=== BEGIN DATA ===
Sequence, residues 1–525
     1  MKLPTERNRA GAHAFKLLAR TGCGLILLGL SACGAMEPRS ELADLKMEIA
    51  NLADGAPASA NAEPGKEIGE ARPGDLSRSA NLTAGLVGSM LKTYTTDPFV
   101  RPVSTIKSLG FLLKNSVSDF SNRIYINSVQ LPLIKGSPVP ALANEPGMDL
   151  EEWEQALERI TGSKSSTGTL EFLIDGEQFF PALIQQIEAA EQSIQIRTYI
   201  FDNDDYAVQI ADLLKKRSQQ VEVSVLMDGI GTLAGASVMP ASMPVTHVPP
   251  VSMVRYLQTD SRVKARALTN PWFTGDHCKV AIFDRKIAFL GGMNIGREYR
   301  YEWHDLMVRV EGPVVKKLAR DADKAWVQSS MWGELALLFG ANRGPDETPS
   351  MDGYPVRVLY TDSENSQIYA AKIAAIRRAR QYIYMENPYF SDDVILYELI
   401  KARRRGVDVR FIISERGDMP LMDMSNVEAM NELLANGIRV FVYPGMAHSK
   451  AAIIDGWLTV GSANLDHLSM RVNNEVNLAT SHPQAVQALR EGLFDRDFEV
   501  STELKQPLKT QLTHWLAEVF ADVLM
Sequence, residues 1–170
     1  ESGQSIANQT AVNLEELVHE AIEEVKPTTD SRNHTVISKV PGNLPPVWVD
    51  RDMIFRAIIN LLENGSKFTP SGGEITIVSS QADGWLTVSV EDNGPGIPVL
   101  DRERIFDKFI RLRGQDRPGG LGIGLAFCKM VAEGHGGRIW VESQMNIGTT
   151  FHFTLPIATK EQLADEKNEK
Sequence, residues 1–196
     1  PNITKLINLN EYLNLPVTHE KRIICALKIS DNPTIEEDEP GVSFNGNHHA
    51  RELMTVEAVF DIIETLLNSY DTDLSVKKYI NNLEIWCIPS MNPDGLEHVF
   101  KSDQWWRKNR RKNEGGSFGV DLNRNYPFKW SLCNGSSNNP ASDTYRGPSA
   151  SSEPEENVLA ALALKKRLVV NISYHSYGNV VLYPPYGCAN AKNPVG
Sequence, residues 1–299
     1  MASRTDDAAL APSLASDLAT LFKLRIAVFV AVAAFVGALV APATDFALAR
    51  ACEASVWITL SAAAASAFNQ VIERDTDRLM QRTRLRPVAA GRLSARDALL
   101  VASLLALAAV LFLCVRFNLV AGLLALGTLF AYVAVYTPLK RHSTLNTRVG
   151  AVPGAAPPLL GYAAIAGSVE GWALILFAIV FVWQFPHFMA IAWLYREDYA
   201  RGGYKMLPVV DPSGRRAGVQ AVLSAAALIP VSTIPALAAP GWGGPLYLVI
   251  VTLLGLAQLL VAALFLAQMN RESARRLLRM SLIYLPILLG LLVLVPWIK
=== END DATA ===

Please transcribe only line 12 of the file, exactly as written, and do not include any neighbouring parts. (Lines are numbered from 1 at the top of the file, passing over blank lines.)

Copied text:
   501  STELKQPLKT QLTHWLAEVF ADVLM